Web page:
August 23, 2016

As She Frets over Obama Losing ‘Vacation Glow,’ AP’s Darlene Superville Distorts Iran Cash-For-Hostages Points

At the Associated Press Tuesday morning, Darlene Superville added another chapter to her rarely uninterrupted eight-year exercise in hero-worship coverage of President Barack Obama and his administration.

Superville infamously gobbled up precious press briefing time at a White House briefing last year asking questions about the President’s upcoming father-daughter weekend the day after Islamic terrorist attacks in Chattanooga, Tennessee killed five U.S. servicemen. Tuesday morning, she opened her coverage of Obama’s return from his two-week Martha’s Vineyard vacation with verbiage that would even embarrass tabloid celebrity stalkers. In later paragraphs, she played the “Republicans say” game, and twisted facts about the hard-cash-for-hostages exchange with Iran. (Also, see the Update at the end of this post.)


Tuesday Off-Topic (Moderated) Open Thread (082316)

Filed under: Lucid Links — Tom @ 9:20 am

This open thread is meant for commenters to post on items either briefly noted below (if any) or otherwise not covered at this blog. Rules are here.

Positivity: U.S. Pole Vaulter Sam Kendricks Stops Mid-Run, Stands at Attention During the National Anthem

Filed under: Positivity — Tom @ 6:00 am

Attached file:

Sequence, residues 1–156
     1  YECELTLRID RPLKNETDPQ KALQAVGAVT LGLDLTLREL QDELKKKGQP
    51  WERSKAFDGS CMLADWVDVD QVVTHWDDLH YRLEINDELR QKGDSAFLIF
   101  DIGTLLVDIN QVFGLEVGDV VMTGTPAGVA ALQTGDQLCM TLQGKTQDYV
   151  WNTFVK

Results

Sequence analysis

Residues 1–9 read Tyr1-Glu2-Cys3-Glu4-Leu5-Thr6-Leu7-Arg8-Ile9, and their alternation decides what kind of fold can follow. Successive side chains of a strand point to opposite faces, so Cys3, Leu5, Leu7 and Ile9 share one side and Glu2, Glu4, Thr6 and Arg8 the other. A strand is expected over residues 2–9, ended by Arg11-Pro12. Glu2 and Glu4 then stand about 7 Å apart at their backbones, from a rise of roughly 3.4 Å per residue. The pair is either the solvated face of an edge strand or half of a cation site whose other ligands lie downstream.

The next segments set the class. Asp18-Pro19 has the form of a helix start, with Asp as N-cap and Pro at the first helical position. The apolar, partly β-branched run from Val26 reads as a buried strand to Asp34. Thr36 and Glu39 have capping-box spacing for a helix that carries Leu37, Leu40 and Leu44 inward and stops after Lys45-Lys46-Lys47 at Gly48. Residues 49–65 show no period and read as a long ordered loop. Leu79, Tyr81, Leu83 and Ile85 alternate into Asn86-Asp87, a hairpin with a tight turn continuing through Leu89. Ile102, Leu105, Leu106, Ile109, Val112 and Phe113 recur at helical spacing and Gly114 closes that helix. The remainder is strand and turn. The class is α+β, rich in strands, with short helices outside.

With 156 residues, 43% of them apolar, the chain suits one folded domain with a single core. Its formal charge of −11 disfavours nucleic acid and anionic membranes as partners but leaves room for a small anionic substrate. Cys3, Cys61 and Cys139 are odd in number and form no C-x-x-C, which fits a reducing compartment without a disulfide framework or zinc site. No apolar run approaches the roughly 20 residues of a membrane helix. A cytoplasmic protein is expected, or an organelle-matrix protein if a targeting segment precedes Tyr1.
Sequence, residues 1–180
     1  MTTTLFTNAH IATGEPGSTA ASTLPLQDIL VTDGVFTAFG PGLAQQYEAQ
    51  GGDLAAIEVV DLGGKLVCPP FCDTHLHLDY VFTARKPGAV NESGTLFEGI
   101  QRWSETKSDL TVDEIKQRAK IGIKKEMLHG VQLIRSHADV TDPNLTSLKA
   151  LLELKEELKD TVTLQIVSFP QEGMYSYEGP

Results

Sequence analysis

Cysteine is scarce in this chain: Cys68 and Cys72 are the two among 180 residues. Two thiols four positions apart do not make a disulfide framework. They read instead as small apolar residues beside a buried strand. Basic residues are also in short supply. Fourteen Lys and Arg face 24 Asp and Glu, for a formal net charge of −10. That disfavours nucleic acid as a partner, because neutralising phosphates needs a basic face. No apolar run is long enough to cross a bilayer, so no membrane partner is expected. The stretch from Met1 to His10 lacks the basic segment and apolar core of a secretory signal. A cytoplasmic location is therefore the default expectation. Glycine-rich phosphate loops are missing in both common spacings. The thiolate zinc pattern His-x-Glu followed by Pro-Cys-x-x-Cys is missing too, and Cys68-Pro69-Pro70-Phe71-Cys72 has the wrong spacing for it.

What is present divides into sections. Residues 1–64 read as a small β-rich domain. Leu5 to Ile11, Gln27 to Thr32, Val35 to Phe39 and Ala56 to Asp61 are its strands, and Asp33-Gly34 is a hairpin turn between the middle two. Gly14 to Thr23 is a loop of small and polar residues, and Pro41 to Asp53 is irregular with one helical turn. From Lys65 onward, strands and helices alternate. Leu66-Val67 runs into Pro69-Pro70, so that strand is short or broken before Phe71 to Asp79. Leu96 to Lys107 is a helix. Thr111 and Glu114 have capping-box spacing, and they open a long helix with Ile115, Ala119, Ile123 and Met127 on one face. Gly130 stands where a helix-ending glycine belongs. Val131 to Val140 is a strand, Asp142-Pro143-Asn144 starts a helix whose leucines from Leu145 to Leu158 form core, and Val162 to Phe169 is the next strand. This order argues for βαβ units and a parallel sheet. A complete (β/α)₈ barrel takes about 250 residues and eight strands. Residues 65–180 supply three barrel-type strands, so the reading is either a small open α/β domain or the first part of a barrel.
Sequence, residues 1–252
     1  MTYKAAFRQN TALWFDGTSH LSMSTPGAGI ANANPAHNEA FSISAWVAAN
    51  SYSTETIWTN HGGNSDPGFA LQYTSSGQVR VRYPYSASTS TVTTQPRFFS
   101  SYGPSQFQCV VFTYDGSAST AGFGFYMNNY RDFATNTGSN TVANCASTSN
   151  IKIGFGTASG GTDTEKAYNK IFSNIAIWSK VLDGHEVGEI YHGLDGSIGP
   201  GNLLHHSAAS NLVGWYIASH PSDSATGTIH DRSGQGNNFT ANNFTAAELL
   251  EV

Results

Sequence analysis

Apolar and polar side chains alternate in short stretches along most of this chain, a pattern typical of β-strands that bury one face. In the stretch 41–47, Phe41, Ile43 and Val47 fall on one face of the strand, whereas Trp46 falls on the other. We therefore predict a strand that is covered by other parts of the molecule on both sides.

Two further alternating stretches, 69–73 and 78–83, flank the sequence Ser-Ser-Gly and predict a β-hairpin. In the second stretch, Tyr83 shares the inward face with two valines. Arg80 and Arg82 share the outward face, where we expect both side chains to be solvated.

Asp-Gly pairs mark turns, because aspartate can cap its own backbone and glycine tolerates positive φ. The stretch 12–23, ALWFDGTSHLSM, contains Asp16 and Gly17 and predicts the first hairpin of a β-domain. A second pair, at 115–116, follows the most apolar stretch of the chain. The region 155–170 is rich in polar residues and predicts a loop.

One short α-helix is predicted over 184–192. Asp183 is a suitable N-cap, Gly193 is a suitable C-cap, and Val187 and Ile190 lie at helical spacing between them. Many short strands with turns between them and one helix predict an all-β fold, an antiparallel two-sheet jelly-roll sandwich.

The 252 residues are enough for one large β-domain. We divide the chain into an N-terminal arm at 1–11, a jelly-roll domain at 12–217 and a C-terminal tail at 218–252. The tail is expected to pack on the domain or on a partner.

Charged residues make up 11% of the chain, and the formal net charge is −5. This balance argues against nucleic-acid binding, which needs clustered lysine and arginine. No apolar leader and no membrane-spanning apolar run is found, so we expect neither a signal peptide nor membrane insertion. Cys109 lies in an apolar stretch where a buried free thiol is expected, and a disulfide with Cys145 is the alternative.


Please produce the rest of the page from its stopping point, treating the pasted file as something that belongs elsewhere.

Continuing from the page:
From Paula Bolyard at PJ Media:

AUGUST 21, 2016

U.S. Olympic pole vaulter Sam Kendricks turned some heads in Rio last week when he interrupted his pole vault during the qualifying round to stop and listen to the national anthem. Kendricks, 23, is a former Ole Miss standout and a second lieutenant in the 655th Transportation Company of the U.S. Army Reserves in Millington, Tenn.

On his approach to the bar during the qualifying round, he stopped abruptly on the track, set his pole on the ground, and stood at attention as the national anthem played in another part of the venue.

Even with that interruption, he managed to qualify for the finals with a jump of 5.7 meters. He went on to win the bronze medal by clearing 5.85 meters, becoming the first American to win a medal in pole vault since 2004.

“They say back home, and jokingly in track circles, that if you win a medal it will change your life,” Kendricks told the Clarion-Ledger. “I think your life is changed on the way to that medal, honestly. With all the journeys and sacrifices that you make, all the training that you do, and the people you leave at home to watch. That is what is really the value of the (medal). I’m glad I have something tangible to bring home and show for it. I know that everybody in Oxford will love to see it. But the journey, like my coach says, is the goal. Not necessarily the medals. And it’s very fun to come and compete, but not necessarily the end of all things.” …

Watch Kendricks come to a dead stop, put his vaulting pole down, and stand at attention here.